On June 1, the Herald ran the final story in a series of three (from Rocky Mountain PBS I-News) on mental illness. It was filled with painful examples that I have seen throughout my more than 30 years of operating mental-health treatment programs. Yet, what was most painful was it was incomplete and, in its own way, contributed to the stigma that leads to the very problems noted in the story itself.
It is not that the story was wrong in its facts, but rather in its focus and implications. The reader is left believing care by a psychiatrist is the only care, the solution is more state hospital beds and all care – and hence all care gaps – exist evenly throughout the state. None of these “implications” are, in fact, true.
There are too few psychiatrists in Southwest Colorado and across the state, yet psychiatric services (largely the prescribing and monitoring of medications), while a valuable part of treatment, are not adequate in and of themselves. Psychiatric services in the context of treatment provided by psychologists, social workers and other trained professionals have, until recently, proved most effective and allow treatment to be more immediately available. What we are coming to learn recently is that models that treat mental illness separately are less effective than treating these issues in the context of whole person health care.
Largely because of stigma, mental health care is universally delayed and often sought only after the person’s condition has become so severe as to significantly impair their lives or pose a risk to others. Yet, even in these situations, in-patient hospitalization is not always the best and most effective answer. In 2006 here in Southwest Colorado – through a unique partnership of all five counties, municipalities and hospital districts – Axis Health System established and currently operates the Acute Treatment Unit on the Mercy campus, the first such licensed unit in Colorado. Axis now addresses more than 90 percent of emergency calls without the need for an in-patient hospitalization on the Front Range or in Grand Junction by wrapping services around the individual and family or through a short stay at the ATU – close to family, friends and support systems. Though necessary in certain situations, emergency services are like an ambulance service at the bottom of the cliff, which is why we focus on early identification of problems at more treatable levels and the need for a better understanding in our community of mental illness as a health-care issue.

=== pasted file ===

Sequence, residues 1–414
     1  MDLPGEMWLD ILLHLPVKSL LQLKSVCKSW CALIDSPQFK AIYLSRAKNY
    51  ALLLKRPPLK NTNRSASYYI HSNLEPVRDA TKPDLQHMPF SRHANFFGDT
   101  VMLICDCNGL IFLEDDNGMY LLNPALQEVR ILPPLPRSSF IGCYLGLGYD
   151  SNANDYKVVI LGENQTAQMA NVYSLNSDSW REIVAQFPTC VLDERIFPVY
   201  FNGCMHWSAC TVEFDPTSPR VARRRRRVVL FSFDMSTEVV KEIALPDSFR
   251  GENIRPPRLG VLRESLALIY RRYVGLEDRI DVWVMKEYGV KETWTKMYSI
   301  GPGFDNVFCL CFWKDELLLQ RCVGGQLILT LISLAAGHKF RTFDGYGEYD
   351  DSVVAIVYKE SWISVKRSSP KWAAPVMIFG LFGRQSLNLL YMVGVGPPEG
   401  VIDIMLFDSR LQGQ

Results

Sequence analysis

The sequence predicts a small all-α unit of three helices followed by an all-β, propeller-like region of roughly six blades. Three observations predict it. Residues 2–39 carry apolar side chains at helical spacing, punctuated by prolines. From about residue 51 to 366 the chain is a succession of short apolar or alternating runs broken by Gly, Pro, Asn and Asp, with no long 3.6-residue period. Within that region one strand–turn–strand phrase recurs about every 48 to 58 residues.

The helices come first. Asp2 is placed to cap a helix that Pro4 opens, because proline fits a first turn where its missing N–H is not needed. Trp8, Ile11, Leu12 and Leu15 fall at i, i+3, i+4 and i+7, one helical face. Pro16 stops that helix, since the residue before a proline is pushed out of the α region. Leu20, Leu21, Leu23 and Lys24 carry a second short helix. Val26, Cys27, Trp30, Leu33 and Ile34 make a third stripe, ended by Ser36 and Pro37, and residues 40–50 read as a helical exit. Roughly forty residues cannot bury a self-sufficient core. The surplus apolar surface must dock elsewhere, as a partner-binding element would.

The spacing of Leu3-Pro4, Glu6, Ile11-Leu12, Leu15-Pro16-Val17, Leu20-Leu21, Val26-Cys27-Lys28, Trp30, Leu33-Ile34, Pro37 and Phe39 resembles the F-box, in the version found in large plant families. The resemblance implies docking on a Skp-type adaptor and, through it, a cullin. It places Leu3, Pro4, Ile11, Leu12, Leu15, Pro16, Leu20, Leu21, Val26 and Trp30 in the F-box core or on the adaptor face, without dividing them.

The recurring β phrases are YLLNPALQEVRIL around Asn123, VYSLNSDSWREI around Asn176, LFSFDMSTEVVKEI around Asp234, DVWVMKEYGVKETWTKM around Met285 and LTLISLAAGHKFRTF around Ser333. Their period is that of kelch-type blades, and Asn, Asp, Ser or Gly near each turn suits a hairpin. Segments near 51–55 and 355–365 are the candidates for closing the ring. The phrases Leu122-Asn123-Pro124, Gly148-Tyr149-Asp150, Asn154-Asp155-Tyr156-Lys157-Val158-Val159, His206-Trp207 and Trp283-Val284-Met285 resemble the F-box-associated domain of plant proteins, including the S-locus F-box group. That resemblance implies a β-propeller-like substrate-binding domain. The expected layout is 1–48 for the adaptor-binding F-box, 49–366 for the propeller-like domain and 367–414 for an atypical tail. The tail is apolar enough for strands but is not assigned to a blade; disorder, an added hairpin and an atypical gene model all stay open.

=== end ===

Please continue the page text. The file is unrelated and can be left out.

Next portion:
Mental-health first aid helps our community at large gain a better understanding of mental illness and how to respond to it. Axis has provided many mental-health first aid trainings in our communities and is available to do so for any group that is interested.
Axis partnered with the Durango chapter of the National Alliance for the Mentally Ill to bring the third Crisis Intervention Team in the state and the first in the entire country in a rural setting to Southwest Colorado. This more intensive training program for law enforcement officers has made a huge difference in how law enforcement responds to mental-health crises and more effectively resolves them. Kudos to the Durango Police Department, La Plata County Sheriff’s Office, Linda Lute and Lauren Patterson for leading the ongoing development of CIT and annual training.
School-Based Health Centers, partnering with District 9-R schools, have had a huge effect on our community. The two school-based health centers have helped keep our kids healthy and helped countless children and adolescents address major issues in their lives constructively with the least trauma, heading off far more serious problems.
Through all of these efforts, the need for hospitalizations has reduced from 122 across the five counties of Southwest Colorado in 2001 to 40 in the past 12 months (a 77 percent reduction), despite the fact our region’s population grew 15 percent over that same time.
To reduce crises and improve care throughout Southwest Colorado, Axis has been transforming from its historic role as a community mental-health center to an integrated, whole person, primary health-care system. By caring for persons, not just treating illness, and by treating the whole person, we are reducing stigma and supporting the early identification of all chronic illnesses while also supporting healthier lifestyles and more sustainable health outcomes.
In Southwest Colorado, integrated care and early identification of health-care problems, including mental health, is not coming tomorrow – it is here today.
Bern Heath is the chief executive officer of Axis Health System in Durango, a private nonprofit and the state-designated mental health resource for the five counties of Southwest Colorado.